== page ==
Wildflower Center Seed Bank
The Wildflower Center collects and stores seed from keystone species in the plant communities of Texas. These seeds are used by research scientists in propagation studies and reintroduction and environmental restoration efforts; they are also safeguarded as a hedge against possible extinction in the wild.
Why Collect Seeds?
Pressures on the environment are so great in many areas that it is not always possible to conserve plants in their natural habitats. While we cannot always guarantee the safety of a plant in even the best-protected nature reserve, plant seeds can be kept safely for hundreds of years in a seed bank. Should a plant become extinct in the wild, with its seeds stored in a seed bank, it will not be lost forever. Seed banks are very efficient and cost effective means of conserving plants, because the seed occupies very little space and requires only periodic attention.
About Our Program
The Wildflower Center’s seed collection program is built primarily on the cooperation of private landowners and the hard work of more than 100 trained volunteers. Volunteers in the field watch and monitor the plants making it possible for the Center to collect in multiple places at one time. We encourage landowners to become seed collectors themselves.
We are prohibited by institutional policy from sharing seeds from the seed bank for purposes other than scientific research.To request seed from the Lady Bird Johnson Wildflower Center’s seed bank for your research, please contact the curator of the seed bank.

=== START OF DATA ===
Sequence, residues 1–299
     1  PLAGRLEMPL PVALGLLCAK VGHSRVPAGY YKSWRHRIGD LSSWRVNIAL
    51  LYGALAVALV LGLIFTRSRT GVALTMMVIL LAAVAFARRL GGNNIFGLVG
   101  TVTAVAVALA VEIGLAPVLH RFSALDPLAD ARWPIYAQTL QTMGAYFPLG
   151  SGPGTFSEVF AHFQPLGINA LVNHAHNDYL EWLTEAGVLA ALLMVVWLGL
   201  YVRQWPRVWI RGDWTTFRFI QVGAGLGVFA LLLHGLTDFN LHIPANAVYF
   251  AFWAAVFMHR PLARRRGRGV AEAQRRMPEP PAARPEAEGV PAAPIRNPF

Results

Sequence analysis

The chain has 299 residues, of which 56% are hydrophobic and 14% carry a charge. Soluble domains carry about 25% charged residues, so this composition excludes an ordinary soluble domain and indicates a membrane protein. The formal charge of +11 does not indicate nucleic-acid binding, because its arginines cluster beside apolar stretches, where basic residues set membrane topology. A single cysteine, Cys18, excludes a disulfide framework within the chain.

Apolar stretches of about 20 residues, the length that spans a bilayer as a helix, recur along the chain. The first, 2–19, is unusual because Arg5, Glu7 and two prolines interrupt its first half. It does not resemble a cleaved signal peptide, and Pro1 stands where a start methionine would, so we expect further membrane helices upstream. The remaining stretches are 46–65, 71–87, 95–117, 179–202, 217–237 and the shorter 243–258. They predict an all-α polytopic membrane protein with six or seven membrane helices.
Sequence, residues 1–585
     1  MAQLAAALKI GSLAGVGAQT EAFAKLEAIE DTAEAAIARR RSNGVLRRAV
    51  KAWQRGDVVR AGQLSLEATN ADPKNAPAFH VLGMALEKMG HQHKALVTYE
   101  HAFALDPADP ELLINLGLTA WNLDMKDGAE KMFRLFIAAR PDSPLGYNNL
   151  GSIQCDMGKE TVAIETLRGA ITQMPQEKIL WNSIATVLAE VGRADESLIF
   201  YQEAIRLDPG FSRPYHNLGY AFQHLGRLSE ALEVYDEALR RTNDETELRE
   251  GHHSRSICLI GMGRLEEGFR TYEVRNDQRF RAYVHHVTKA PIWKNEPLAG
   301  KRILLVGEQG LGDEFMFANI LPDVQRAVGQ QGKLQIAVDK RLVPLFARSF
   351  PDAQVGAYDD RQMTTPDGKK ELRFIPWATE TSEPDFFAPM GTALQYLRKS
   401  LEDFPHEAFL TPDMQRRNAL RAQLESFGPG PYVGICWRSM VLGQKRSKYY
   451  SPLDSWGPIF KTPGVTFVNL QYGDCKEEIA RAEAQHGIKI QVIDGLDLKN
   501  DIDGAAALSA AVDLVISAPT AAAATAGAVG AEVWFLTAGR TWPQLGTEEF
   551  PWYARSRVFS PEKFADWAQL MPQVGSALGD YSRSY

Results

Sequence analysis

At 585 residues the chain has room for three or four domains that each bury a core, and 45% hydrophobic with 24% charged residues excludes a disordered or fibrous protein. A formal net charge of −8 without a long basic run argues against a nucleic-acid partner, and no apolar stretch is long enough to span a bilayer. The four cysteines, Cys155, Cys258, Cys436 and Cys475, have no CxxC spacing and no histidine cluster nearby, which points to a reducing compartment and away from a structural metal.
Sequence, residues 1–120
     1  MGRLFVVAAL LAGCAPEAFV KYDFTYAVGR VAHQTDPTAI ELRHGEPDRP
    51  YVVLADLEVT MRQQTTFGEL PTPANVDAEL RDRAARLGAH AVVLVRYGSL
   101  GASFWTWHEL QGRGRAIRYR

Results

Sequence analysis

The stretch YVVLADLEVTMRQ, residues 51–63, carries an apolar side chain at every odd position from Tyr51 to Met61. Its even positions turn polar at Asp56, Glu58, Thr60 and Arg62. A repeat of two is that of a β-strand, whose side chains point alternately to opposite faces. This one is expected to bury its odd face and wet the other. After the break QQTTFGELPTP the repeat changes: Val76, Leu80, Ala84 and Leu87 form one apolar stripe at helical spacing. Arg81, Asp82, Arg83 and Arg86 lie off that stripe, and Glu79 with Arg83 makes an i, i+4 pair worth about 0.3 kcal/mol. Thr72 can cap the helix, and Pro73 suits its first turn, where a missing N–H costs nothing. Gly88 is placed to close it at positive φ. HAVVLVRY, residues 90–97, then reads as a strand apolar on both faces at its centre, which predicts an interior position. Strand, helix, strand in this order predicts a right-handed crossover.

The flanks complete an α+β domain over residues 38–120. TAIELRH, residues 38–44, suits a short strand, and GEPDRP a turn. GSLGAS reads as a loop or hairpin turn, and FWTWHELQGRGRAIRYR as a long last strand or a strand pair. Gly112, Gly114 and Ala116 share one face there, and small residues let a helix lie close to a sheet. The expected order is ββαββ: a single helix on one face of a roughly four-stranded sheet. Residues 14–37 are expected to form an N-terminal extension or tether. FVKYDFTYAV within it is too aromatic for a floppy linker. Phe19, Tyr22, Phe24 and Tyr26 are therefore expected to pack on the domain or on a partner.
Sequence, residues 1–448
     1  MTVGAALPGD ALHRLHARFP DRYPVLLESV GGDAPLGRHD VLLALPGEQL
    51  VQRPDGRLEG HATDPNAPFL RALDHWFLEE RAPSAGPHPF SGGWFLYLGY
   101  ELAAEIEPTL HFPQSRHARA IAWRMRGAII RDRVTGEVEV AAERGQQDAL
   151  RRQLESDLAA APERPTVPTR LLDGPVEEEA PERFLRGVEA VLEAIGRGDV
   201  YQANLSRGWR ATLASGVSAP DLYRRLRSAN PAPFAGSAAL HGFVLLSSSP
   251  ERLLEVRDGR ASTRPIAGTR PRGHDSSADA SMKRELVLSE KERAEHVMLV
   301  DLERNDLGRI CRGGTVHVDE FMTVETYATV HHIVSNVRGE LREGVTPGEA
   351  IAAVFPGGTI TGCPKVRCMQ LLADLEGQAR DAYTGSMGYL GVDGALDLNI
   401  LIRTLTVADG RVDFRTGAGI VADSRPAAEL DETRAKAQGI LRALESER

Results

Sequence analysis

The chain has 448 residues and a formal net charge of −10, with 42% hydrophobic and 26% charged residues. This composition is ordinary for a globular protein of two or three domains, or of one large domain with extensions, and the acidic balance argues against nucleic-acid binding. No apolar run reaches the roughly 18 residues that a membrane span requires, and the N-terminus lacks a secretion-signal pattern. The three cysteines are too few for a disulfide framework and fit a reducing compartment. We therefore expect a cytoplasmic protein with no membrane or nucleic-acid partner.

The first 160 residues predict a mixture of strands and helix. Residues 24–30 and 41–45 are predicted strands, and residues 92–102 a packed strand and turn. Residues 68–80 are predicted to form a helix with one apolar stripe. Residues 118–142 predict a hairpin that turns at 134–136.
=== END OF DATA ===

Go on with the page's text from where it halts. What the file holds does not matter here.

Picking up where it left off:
- List of Texas species that are in the Lady Bird Johnson Wildflower Center Seed Bank
- Search the Wildflower Center Seed Bank
If you are seeking seed of native plants to grow in your garden, please check our website for local native plant suppliers who may have the plant that interests you.
- Macro images of seeds in our collections
- Images of seedlings, part of an effort to document the different growth stages (cradle to grave) of wildflower species commonly found in mail order seed packets. About 100 species were tracked, about 75% of which were native to the U.S. Aerial and side views of the plants were taken at the first true leaves stage, mid-growth, and flowering stage. View Seedling Images.